BOTTLE/HAND JACK SPECS & PRICES
ANIMATION OF THE INSIDES OF A WORKING BOTTLE/HAND JACK
Bottle or hand jacks, came into wide spread popularity during the early part of the 20th Century, paralleling the boom of the automobile industry. They filled the immediate need of a small convenient device requiring only one person to operate that could lift an automobile off the ground for servicing - It quickly found hundreds of other uses in the modern world, as well.
In addition, 1 1/2, 3, 8, 12 and even 20 ton capacity jacks are available in heights from 20 to 24 inches, popular in engine cherry picker/cranes and for special applications, however, the 8, 12 and 20 ton versions are quite expensive.
Bottle jacks and variations thereof appear in fields as diverse as medicine (for patient lifts, examing tables, hydraulic stretchers), plumbing (pipe benders), electrical (cable slicers), printing (paper cutters) warehousing (material handling), agriculture (equipment maintainance), construction (pushing, pulling, hoisting or lifting), food industry (from pallet jacks to pressing apple juice or sausages) metal shops (bending, cutting and fabricating) and in dozens of applications too numerous to mention.
Jacks, while traditionally used in an upright fashion with the ground as a base to lift a great weight in the air, are quite often mounted inside a framework to do a specific job such as compressing, as in a hydraulic press, or mounted on a verticle beam to push against a horizontal beam making a crane. An often overlooked characteristic of bottle jacks is that they can be turned sideways in order to push objects apart such as fence posts or a door frame warp by weather.
Japan exports the standard Masada models (sold by JET, OTC, POWER TEAM and SIMPLEX) and special made models originally designed by KYB and sold exclusively under the NORCO name in North America.
Several undeterminable brands of lower to middle quality are imported from China and Taiwan.
If you only need a jack once or twice a year as an emergency tool or for light duty occasional use - MAYBE a cheap Taiwan or Chinese jack will work for you, but they are notorious for leaking and failing just when you need it! (*See 2nd NOTE below...)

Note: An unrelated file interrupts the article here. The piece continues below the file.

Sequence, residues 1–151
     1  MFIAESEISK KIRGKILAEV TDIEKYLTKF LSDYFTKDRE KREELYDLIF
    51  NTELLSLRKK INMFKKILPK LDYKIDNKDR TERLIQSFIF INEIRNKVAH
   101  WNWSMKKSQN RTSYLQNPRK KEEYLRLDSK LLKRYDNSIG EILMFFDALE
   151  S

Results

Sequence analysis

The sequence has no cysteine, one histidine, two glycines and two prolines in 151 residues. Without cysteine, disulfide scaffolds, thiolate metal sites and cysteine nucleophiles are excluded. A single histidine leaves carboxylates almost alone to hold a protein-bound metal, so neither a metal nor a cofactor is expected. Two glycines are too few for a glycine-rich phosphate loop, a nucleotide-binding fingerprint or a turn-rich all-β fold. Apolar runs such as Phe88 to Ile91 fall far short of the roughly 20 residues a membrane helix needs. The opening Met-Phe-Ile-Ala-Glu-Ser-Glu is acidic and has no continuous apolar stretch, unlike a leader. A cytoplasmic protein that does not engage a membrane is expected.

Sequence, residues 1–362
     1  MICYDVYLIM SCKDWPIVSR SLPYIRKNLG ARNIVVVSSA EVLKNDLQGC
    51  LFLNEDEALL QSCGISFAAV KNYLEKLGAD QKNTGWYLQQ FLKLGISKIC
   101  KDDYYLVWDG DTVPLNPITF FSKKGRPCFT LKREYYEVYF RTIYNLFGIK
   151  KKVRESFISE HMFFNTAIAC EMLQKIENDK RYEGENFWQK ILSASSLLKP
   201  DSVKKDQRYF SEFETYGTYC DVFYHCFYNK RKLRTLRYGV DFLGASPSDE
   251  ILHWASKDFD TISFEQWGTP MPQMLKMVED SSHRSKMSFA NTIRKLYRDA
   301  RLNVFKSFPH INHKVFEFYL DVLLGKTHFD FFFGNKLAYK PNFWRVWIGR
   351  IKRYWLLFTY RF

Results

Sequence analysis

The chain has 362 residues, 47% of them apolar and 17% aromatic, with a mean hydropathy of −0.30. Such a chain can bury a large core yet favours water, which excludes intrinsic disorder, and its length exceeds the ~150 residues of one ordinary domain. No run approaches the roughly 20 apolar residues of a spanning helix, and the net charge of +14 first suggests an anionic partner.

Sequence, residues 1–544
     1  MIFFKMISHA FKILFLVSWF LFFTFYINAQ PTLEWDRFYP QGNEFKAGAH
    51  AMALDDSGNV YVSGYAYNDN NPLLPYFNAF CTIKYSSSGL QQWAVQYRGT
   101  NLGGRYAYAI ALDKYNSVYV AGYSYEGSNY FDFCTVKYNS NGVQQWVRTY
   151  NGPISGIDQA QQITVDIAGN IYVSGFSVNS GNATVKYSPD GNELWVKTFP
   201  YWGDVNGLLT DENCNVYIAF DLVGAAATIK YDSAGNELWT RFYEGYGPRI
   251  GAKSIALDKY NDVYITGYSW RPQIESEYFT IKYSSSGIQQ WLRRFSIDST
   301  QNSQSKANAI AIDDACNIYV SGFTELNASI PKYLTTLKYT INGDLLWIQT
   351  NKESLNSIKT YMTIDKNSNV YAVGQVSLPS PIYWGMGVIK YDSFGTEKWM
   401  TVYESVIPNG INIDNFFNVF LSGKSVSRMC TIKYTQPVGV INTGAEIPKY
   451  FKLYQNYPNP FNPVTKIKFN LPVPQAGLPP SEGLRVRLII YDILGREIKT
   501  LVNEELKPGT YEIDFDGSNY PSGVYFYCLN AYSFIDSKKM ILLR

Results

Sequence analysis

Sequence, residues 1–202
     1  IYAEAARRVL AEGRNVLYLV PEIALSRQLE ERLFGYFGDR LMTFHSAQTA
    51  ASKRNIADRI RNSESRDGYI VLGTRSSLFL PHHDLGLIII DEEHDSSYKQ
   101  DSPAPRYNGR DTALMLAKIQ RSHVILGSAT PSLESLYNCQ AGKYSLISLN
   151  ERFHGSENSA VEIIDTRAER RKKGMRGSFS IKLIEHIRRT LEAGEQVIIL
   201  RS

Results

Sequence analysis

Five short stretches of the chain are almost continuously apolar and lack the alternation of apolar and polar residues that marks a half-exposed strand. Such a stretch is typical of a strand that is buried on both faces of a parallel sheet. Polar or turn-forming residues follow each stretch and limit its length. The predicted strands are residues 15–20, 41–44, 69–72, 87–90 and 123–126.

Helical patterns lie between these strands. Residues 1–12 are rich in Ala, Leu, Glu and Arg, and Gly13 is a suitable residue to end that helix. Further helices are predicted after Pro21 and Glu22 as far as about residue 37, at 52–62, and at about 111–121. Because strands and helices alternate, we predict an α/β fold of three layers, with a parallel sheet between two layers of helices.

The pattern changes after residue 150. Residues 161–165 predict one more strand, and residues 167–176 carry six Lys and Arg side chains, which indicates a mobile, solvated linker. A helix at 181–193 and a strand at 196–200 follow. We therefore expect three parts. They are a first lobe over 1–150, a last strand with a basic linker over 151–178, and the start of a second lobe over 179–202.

If you want a damn good tool at a fair price - buy the Japanese made jacks.
NOTE: In all fairness, because U.S. JACK does not actively market their products West of the Mississippi River (we're in Burbank California), we have not had our hands on one in years and simply DON'T KNOW if they are currently made as well as they used to be - So, we can't give an honest opinion on them, one way or another, sorry...
A couple of years ago a Chinese manufacturer sent us an unsolicited, junk email extolling their products. The email included this listing of their pricing:
2 TON..... USD$ 2.84
4 TON..... USD$ 3.89
6 TON..... USD$ 4.99
8 TON..... USD$ 6.21
10TON..... USD$ 7.26
12TON..... USD$ 8.32
16TON..... USD$ 9.37
20TON..... USD$ 10.74
30TON..... USD$ 15.26
50TON..... USD$ 34.74
In the last 20 years a new style of jack has come into popularity in the heavy duty truck repair shops called an Air/Hydraulic (usually pronounced 'air over hydraulic') jack. What the manufacturers have done here, basically, is taken an ordinary 20 ton bottle/hand jack, added an air activated Porto-Power style pump (so, you don't have to bend down and pump the jack to produce pressure) packaged it all up neatly in a convenient little metal box with a couple of wheels and a nice long handle and - BANG - every truck shop on the planet buys one! Lifting capacities are between 20 and 22 tons (Norco actually brings over a 44 ton model if you ever run into a railroad engine with a flat tire...) with general lifting ranges starting at about 10 inches and raising to 20 inches. All models require 80 to 160 PSI of compressed air.
NOTE: These jacks will NOT work manually, they MUST be powered by air.
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OTTO SERVICE CO., 2014 Burbank Blvd., Burbank, California 91506
United States of America
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